Cee’s Flower of the Day (December 2nd)

Balloon Plants for Cee’s FOTD.

Like all members of the milkweed family, the balloon plant is one of the best plants for attracting monarch butterflies.

Click to view and join Cee’s FOTD! 

Lens-Artists Challenge #176- One Image/One Story

This week, Ann-Christine wants us to only one image for each (possible) story you have captured.

Birds logged as much as 49,700 miles on their geolocators, the longest migration ever recorded. Over the 30-year lifetime of a tern, it may migrate about 1.5 million miles — the distance a spaceship would cover if it went to the moon and back three times.

The monarch is the only butterfly known to make a two-way migration as birds do. Using environmental cues, the monarchs know when it is time to travel south for the winter. Some fly as far as 3,000 miles to reach their winter home.

To produce a pound of honey, foraging bees have to fly a whopping 55,000 miles. It takes about 556 foraging bees to visit 2 million flowers.

Every year, between December and April, thousands of humpback whales journey about 4,000 miles round-trip from Alaska to Hawaii where they congregate, breed, calve, and nurse their young. Whales can swim up to 100 miles a day, it’s a long journey for them.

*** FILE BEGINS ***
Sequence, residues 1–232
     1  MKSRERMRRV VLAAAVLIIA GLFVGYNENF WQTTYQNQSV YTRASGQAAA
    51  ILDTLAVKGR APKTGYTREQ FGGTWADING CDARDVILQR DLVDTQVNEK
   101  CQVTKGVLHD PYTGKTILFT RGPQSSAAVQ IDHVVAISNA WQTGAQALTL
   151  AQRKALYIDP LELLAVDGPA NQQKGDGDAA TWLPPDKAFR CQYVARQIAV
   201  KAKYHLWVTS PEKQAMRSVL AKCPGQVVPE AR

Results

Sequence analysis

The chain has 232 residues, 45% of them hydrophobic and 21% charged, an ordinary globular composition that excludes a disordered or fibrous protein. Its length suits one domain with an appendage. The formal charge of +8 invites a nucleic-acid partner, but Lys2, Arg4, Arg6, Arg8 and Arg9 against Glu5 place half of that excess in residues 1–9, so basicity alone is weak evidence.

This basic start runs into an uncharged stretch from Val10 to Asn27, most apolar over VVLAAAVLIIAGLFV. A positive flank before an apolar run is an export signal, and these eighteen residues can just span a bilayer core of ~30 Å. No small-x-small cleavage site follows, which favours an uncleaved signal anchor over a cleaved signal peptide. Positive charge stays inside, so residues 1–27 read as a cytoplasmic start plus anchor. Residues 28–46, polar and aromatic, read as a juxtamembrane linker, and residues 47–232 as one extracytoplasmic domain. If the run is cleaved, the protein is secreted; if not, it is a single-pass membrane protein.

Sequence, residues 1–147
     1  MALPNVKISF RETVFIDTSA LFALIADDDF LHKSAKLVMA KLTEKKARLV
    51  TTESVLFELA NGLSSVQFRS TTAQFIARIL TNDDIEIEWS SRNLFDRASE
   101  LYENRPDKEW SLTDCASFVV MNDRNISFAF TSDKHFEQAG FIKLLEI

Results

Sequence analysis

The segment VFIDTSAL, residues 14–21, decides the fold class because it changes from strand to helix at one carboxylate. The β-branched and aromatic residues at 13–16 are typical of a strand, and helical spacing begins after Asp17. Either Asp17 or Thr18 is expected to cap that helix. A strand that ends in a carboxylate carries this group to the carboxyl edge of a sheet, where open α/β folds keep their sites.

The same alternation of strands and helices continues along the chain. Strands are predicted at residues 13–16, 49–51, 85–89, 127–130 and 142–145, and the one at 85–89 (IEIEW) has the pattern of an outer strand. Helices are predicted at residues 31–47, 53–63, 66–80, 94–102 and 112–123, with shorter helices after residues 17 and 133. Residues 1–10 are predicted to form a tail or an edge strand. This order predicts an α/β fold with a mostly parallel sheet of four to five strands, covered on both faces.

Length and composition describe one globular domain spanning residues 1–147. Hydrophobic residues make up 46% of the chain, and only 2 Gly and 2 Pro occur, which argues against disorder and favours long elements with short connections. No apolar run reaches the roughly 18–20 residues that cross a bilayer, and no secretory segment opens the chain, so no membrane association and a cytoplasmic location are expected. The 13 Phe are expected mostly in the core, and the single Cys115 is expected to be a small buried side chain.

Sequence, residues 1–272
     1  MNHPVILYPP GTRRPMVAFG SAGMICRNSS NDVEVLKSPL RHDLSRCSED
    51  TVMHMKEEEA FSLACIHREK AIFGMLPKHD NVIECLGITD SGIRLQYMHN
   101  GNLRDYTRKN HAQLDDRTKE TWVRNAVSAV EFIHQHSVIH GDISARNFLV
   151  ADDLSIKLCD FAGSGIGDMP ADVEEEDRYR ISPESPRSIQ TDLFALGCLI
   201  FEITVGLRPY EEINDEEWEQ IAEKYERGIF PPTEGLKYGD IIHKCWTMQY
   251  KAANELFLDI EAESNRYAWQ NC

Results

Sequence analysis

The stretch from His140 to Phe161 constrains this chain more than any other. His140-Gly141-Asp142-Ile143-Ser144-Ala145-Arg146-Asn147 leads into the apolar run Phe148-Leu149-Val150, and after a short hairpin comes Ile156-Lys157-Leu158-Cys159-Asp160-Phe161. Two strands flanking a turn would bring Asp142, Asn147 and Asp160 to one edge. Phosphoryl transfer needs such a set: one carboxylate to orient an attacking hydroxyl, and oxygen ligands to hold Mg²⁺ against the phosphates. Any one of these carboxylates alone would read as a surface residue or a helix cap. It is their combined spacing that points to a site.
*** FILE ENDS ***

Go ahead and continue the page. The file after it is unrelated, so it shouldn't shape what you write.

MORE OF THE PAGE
Each part of the tree has a special job to help it grow and survive. As time goes, each tree has its own story to tell.

Thank you for sharing your passions, interests, and joyful moments through Lindy’s Follow Your Bliss theme. We hope you’ll join us this week sharing “One Image/One Story”. Click here to view  Visit Ann-Christine’s stuning images and wonderful stories. Make a link to her post and use the Lens-Artists tag so we can all find you in the Reader.

Next week, I will be your host and the theme will be Celebrating.

Cee’s Flower of the Day (Nov. 24,2021)

Buttonbush for FOTD:

Towards fall, flowers develop into button-like seed heads and the leaves turn deep reds and yellows. The “buttons” turn a deep crimson as they linger in the winter landscape. It attracts butterflies.

Click here to visit Cee’s FOTD.

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